Chemometrics and Chemoinformatics gives chemists and other scientists an introduction to the field of chemometrics and chemoinformatics. Chemometrics is an approach to analytical chemistry based on the idea of indirect observation. Measurements related to the chemical composition of a substance are taken, and the value of a property of interest is inferred from them through some mathematical relation. Basically, chemometrics is a process. Measurements are made, data is collected, and information is obtained to periodically assess and acquire knowledge. This, in turn, has led to a new approach for solving scientific problems: (1) measure a phenomenon or process using chemical instrumentation that generates data inexpensively, (2) analyze the multivariate data, (3) iterate if necessary, (4) create and test the model, and (5) develop fundamental multivariate understanding of the process. Chemoinformatics is a subfield of chemometrics, which encompasses the analysis, visualization, and use of chemical structural information as a surrogate variable for other data or information. The boundaries of chemoinformatics have not yet been defined. Only recently has this term been coined.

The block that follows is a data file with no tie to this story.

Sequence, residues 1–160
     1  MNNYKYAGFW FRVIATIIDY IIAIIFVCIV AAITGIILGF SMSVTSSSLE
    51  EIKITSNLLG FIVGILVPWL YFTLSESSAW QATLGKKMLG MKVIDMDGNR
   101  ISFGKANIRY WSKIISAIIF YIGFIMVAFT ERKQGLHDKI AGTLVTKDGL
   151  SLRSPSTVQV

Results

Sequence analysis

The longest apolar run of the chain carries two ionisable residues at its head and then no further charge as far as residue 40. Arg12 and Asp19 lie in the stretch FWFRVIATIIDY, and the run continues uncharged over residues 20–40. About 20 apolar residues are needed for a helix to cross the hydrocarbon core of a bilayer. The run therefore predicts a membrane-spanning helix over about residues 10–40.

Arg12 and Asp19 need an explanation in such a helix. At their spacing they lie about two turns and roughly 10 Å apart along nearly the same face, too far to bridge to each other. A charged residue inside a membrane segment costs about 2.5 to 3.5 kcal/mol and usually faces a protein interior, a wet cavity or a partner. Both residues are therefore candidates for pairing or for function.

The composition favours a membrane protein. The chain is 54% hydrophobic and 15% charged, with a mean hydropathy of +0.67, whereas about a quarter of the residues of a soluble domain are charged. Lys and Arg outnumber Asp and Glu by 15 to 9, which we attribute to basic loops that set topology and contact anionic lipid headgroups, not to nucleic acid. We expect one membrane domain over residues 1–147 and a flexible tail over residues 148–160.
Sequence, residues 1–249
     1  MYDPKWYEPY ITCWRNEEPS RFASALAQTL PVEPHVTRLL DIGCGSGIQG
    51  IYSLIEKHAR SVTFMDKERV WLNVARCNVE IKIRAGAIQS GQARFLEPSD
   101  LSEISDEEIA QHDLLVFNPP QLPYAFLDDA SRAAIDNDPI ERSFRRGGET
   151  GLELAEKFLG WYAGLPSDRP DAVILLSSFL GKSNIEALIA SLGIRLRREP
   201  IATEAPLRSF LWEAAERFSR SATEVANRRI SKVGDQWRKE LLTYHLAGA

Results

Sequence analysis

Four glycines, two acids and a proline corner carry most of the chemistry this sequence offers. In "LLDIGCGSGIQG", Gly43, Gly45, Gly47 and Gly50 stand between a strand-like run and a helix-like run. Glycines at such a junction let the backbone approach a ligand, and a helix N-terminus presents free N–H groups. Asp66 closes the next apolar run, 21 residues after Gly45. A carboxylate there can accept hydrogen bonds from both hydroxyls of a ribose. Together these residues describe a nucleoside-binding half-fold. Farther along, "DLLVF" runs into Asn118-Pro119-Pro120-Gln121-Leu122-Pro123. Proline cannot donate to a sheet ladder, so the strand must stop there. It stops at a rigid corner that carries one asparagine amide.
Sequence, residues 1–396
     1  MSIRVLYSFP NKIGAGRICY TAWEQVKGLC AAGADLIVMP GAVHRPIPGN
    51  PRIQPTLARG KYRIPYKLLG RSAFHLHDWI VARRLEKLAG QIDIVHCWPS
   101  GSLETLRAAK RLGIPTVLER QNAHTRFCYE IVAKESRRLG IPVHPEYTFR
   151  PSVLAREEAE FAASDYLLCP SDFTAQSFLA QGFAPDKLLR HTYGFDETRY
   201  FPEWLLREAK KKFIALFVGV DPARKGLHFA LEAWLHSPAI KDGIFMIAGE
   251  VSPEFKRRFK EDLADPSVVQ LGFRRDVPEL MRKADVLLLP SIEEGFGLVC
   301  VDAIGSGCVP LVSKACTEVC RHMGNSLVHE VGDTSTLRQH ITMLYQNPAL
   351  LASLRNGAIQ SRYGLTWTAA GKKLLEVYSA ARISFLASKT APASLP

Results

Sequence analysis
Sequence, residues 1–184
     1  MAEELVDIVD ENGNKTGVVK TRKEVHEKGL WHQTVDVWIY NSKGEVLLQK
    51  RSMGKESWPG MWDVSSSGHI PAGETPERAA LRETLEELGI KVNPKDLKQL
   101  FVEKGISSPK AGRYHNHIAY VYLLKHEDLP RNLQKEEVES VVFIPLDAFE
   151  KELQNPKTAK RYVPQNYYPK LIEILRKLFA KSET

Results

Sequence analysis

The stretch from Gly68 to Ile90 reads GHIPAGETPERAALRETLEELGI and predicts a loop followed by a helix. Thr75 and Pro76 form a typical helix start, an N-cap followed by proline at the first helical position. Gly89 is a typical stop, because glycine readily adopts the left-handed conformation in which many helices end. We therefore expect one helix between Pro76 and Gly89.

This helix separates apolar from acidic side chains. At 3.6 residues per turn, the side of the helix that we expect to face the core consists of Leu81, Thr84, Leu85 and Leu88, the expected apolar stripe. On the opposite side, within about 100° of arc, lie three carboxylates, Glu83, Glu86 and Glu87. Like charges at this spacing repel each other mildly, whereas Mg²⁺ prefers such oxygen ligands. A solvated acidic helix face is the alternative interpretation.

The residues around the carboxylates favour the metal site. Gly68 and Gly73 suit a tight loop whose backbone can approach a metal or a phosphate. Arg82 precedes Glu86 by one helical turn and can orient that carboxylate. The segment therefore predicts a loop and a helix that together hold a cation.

Chemoinformatics takes advantage of techniques from many disciplines such as molecular modeling, chemical information, and computational chemistry. The reason for the interest in chemoinformatics is the development of experimental techniques such as combinatorial chemistry and high-throughput screening, which require a chemist to analyze unprecedented volumes of data. Access to appropriate algorithms is crucial if such experimental techniques are to be effectively exploited for discovery. Many chemists want to use chemoinformatic methods in their work but lack the knowledge required to decide which techniques are the most appropriate.
Publisher: Oxford University Press Inc